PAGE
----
Church bells have grown beards
of dust. The markets are denuded.
Pigeons have taken over the parks.
We stopped calling the days by name.
Today is abiku—yesterday replayed—
tomorrow will wear this same face.
This quiet is of a wound festering,
a dream decaying. This silence is
of a love withering, craving the bliss
of tending—a touch of sunlight or rain
reaching for light
my first time at the
i walked down
an ascending escalator
in my head. i know
one man who would go
through with such impulse
—a tipsy Max once sang
a love song to
a stranger in the elevator.
when i’m bored, i sit
in the mall & watch
people ride the escalator—smile
at memories of little brother
sneaking up on automatic doors
at the Sheraton. in this darkness,
we constantly reach out for
a ray—spark of laughter,
blue skies in pockets
they say there is light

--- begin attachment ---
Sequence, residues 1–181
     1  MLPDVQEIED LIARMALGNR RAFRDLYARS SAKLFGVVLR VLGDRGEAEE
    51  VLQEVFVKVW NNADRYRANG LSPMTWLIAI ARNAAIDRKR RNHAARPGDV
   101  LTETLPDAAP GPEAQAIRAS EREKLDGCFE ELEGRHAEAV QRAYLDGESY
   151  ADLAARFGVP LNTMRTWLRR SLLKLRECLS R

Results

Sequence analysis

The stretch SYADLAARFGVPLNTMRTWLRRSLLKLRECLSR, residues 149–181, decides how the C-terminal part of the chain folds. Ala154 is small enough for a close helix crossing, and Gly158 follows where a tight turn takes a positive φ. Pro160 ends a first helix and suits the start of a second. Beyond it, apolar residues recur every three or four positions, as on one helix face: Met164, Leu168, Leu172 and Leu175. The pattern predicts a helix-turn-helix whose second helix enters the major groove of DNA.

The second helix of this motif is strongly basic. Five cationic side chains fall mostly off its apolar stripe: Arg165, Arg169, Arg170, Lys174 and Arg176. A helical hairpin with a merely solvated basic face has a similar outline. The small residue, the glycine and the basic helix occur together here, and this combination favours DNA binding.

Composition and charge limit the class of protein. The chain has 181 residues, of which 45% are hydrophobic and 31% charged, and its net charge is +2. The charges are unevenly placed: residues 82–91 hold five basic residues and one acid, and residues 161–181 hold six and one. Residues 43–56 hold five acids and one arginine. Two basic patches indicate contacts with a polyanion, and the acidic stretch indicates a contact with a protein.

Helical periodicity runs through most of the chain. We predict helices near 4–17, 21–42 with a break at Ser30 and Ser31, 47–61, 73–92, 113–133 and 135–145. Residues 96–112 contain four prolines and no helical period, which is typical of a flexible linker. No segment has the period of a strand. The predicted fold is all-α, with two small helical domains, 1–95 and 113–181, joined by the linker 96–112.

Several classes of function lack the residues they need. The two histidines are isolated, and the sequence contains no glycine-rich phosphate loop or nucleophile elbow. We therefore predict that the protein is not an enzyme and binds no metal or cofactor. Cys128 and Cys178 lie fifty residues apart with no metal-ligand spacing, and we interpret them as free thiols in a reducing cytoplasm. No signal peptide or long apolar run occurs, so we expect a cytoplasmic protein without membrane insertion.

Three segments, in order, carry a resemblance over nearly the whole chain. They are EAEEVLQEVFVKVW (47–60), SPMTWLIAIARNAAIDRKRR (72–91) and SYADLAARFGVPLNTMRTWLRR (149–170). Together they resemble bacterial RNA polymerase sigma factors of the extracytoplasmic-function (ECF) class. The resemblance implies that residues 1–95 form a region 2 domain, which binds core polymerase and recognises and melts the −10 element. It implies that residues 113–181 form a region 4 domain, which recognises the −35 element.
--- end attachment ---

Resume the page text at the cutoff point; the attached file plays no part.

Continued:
at the end of the tunnel—
but we have on our hands
a growing tunnel or a
light receding like my hairline.
hope is a woman,
bald—this wig on her
head will not grow a strand.
Jide Badmus is inspired by beauty and destruction; he believes that things in ruins were once beautiful. He explores sensuality and healing. Jide’s works have appeared or are forthcoming in The Shore, Disquiet Arts, African Writer, Dream Noir Arts, elsewhere. He writes from Lagos, Nigeria. His social media: twitter @bardmus, IG @instajhide
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